• 35% of inmates were being held for a violent offense; 17% for a domestic violence offense. • 11% were confined for a DWI/DUI offense, an 8% decrease since midyear 2002. Drug offenses increased 13% from midyear 2002 (126).

Tribes retain jurisdiction over many crimes by American Indians and Alaska Natives in Indian country Thirty-three States contain approximately 300 Indian land areas or reservations. Generally the local governing authority on Indian lands is a tribal government or council. Jurisdiction over crimes in Indian country depends on several factors, including the identity of the victim and the offender, the severity of the crime, and where the crime was committed. (See box below.) Tribal authority to sentence offenders is limited to 1 year of imprisonment and a $5,000 fine or both (25 U.S.C. § 1302(7)). City or county jails held nearly 4 times as many American Indians as jails in Indian country. (American Indians in this report include Alaska Natives.) At midyear 2003 local jails held an estimated 7,200 American Indians, some of whom may have been adjudicated by a tribal criminal justice system and housed in jails under contracts with tribal, city, or county governments. Overall, State, Federal, local, and tribal authorities were supervising 53,329 American Indians. Most were under community supervision (29,705). A total of 23,624 American Indians were in custody at midyear 2003, most of whom were held in State prisons (12,438). On July 1, 2003, 2,786,652 American Indians and Alaska Natives lived in the Unites States (U.S. Census Bureau, National Population Estimates, table SC-EST2003-04). American Indians account for under 1% of the U.S. resident population and 1% of those in custody of jails or prisons. At midyear 2003 tribal, Federal, and State prison or jail authorities held 848 American Indians per 100,000 Indians, an incarceration rate based on 23,624 in custody and 2.8 million residents. The rate for American Indians was about 19% higher than the overall national rate, 715 persons of all races per 100,000 U.S. residents.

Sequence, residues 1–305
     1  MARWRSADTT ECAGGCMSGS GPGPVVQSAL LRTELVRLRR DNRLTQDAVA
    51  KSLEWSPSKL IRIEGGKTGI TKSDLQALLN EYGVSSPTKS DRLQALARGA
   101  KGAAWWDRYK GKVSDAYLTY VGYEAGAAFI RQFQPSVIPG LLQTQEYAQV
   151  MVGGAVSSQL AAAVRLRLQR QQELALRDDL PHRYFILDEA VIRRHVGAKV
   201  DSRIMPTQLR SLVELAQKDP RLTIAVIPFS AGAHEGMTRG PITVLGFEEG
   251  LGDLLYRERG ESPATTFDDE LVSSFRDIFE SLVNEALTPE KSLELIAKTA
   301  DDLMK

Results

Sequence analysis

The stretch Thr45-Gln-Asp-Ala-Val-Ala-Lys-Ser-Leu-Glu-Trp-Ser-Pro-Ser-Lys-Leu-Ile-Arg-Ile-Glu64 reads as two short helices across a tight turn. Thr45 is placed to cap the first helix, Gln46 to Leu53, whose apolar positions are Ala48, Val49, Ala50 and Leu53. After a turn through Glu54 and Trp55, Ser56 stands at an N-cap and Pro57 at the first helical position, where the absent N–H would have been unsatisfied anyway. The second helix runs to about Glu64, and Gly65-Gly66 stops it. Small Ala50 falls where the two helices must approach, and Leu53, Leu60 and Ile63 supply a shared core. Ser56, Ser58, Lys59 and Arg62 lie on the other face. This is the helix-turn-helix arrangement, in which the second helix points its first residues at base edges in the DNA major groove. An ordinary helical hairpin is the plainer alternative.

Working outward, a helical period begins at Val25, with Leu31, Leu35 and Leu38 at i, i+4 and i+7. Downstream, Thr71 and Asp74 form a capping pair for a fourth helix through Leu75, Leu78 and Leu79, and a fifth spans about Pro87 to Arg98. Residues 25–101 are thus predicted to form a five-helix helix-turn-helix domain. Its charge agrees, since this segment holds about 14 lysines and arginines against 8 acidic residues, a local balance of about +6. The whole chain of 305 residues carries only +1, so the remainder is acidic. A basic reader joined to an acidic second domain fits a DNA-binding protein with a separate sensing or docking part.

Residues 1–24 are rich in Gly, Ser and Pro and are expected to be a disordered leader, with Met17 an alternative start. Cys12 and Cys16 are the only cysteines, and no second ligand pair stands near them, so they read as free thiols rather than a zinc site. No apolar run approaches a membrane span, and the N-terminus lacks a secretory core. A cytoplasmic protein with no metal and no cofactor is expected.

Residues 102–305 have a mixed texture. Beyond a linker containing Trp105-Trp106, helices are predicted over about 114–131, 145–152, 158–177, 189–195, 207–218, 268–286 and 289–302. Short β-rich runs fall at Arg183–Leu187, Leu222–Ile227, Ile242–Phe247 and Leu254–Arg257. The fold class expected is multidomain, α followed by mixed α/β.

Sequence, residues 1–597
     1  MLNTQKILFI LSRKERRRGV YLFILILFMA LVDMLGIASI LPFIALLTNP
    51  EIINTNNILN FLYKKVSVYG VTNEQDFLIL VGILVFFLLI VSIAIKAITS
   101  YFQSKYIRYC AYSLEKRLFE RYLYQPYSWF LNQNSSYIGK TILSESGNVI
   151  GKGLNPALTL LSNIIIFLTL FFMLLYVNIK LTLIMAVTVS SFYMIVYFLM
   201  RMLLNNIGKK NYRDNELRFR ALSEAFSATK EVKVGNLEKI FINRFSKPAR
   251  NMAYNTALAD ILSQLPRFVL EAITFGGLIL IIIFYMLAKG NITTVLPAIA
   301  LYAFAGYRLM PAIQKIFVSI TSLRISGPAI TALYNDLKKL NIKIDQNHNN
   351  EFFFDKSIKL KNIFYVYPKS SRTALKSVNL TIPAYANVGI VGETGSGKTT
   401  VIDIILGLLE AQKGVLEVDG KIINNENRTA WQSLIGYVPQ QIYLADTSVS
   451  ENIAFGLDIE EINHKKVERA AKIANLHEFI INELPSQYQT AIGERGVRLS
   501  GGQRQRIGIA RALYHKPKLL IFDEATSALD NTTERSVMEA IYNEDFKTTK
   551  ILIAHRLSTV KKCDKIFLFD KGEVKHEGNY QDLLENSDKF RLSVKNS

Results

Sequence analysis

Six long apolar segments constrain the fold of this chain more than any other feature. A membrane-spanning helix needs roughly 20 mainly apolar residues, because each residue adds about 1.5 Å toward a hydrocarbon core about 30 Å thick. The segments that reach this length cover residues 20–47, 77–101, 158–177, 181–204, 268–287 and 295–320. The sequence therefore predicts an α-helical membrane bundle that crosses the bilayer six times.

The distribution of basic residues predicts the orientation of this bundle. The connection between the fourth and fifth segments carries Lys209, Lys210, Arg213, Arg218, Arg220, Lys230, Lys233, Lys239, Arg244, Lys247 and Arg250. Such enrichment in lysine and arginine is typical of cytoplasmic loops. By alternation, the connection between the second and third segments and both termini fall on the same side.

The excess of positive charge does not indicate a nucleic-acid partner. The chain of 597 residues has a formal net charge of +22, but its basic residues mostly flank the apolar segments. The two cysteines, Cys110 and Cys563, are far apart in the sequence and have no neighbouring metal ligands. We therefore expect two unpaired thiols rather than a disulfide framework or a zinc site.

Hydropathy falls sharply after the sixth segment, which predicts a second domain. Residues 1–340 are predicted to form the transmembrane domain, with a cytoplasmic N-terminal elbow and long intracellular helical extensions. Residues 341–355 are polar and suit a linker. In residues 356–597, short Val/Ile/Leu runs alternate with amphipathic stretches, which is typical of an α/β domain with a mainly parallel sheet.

Number of American Indians and Alaska Natives Total In custody, midyear 2003 Local jails* Jails in Indian country State prisons Federal prisons 53,329 23,624 7,200 1,826 12,438 2,160

29,705 Under community supervision State/Federal, 12/31/02 Probation 24,464 Parole 5,159 Indian country, midyear 2003 82 *Estimated from the Annual Survey of Jails, 2003.

Overall, the number of persons held in Indian country jails fluctuated between June 2002 and June 2003 (figure 1). Although the population decreased during the 12 months, June of each year was among the months with the largest custody counts. In 2003 the smallest jail inmate population occurred in April — based on 51 jails and excluding 19 facilities unable to report complete data. 93% of confined inmates held for misdemeanors On June 30, 2003, jails in Indian country held 1,025 convicted offenders and 800 inmates who were unconvicted or awaiting trial. Fifty-six percent of those jailed in 2003 were convicted, down from 57% at midyear 2002 and 61% at midyear 2000. At midyear 2003, 1,700 inmates were being held for a misdemeanor, down from 1,725 at midyear 2002. Fifty-eight inmates were in jail for a felony, down from 107 in 2002. Two inmates were being held for the Bureau of Immigration and Customs Enforcement. Sixtysix inmates were being held for the other reasons, including detoxification, status offenses, State bench warrants, civil traffic violations, violations of condition of release, and special holds.